Air Quality, The Daily Gloat, Choice is Radical | Hits & Misses | Salt Lake City | Salt Lake City Weekly

Air Quality, The Daily Gloat, Choice is Radical 

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Quality Is a Loose Term
So breathable air is negotiable, huh? How else can you explain a 5-4 vote by the Utah Air Quality Board to allow Rio Tinto’s Kennecott Utah Copper to expand operations and yes, spew more dust into an already polluted environment? In fact, Forbes magazine called Salt Lake City one of the ninth most toxic metropolitan areas in the nation. Board member Robert Paine summed up the opposition: “What I worry about is that everybody will put enormous energy into this, and we will end up adjudicating it forever.” Meanwhile, the EPA, which is considering stricter rules, is none too happy with the Utah Department of Environmental Quality. But what’s new? EPA is a federal agency, and Utah doesn’t like the feds or anyone who threatens big business. 

The Daily Gloat
The Salt Lake Tribune pumped up its muscles recently, intoning a 9.8 percent upsurge in readership—print and digital. And then it compared itself with other newspapers—The Wall Street Journal, The New York Times, USA Today and the Deseret News—as though any of those except the D-News is comparable. But gloating is fun, especially when it shows the D-News going down. It’s a good thing that the Trib, according to the Audit Bureau of Circulations, is in the top 25 papers that publish online editions. The print edition of the Trib and the Deseret News give regular jolts to readers with wraparound ads that put real news under the ad itself. This is a major no-no in newspaper layout, but if all you care about is money and your online edition, well, go for it.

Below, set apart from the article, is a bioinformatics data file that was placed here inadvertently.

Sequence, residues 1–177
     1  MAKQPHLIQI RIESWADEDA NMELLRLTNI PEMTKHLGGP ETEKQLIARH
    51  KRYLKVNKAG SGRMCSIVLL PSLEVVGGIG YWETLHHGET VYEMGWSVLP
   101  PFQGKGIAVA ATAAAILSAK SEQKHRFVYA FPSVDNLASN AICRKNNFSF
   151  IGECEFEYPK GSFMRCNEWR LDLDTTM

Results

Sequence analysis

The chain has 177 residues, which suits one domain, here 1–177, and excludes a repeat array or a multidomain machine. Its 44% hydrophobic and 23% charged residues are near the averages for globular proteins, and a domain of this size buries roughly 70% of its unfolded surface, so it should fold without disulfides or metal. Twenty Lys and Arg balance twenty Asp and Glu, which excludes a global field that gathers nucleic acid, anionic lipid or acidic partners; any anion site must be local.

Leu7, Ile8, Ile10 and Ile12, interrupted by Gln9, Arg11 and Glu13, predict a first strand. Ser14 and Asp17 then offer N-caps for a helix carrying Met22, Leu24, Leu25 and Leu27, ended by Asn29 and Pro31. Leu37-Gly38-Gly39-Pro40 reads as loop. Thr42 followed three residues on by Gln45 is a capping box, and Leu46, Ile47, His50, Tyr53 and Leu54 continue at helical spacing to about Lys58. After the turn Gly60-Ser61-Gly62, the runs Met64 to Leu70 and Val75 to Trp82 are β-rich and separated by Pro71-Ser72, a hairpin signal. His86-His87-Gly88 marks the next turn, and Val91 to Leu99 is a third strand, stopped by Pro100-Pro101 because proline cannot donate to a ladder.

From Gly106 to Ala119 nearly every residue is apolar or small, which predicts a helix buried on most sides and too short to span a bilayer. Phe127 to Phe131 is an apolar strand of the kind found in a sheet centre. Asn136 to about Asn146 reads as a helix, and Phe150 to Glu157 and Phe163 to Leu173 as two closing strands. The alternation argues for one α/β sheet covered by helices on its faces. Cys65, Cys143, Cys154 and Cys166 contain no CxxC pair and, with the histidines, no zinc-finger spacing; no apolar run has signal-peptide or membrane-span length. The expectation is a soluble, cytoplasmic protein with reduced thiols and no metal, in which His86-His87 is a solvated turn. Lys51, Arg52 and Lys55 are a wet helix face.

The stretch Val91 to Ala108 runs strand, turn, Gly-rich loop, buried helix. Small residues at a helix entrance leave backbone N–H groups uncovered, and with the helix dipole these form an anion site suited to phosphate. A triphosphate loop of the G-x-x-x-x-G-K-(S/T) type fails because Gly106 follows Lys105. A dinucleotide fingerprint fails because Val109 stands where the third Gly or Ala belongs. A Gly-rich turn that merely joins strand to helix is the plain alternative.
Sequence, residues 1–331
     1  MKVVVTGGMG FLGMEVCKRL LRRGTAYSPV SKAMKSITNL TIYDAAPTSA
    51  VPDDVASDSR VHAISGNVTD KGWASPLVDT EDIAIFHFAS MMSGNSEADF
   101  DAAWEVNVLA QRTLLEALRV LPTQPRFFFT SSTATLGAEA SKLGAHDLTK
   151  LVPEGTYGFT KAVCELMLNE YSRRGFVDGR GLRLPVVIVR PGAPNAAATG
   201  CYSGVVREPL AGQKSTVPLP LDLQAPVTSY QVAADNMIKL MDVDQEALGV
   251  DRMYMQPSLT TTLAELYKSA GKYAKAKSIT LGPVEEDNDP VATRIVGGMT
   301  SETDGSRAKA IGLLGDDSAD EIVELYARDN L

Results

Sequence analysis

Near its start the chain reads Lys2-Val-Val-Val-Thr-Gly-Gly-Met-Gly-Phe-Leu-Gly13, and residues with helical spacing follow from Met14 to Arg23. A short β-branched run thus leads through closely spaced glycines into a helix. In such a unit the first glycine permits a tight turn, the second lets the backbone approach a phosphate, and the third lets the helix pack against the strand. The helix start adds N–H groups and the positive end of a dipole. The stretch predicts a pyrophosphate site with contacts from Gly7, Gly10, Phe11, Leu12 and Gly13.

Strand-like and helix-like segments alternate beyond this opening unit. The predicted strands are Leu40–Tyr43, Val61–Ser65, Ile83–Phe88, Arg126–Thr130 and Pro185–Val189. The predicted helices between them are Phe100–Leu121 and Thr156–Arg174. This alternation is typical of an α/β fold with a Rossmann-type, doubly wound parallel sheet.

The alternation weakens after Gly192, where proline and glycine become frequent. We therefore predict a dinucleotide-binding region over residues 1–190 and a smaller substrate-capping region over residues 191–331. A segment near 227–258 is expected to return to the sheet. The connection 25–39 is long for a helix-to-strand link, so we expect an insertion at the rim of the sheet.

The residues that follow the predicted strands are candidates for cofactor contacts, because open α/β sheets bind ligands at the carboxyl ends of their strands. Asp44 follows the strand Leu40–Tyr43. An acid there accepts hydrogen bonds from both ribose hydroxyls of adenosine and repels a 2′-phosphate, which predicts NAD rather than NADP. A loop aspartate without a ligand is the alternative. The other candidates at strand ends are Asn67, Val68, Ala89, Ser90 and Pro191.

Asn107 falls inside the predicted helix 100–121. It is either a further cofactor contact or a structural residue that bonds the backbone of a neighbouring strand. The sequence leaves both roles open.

Choice Is Radical
Oh, you Republicans! No guts, no glory. Much like the oft-maligned instant-runoff voting idea, “choice voting” didn’t exactly have legs in Utah, either. Choice voting purports to make redistricting an easier—and fairer—task by electing representatives from multi-seat districts proportionally by votes. “Choice voting also assures that political parties or candidates will gain the percentage of legislative seats that reflects their public support,” says, which explains this and other glorious, if outlandish, ideas. But in the most recent redistricting-committee meeting, the best it could do was gain the four Democratic votes and an atta-boy from co-chairman Rep. Ken Sumsion, who thinks it’s “a bit radical” for now. 

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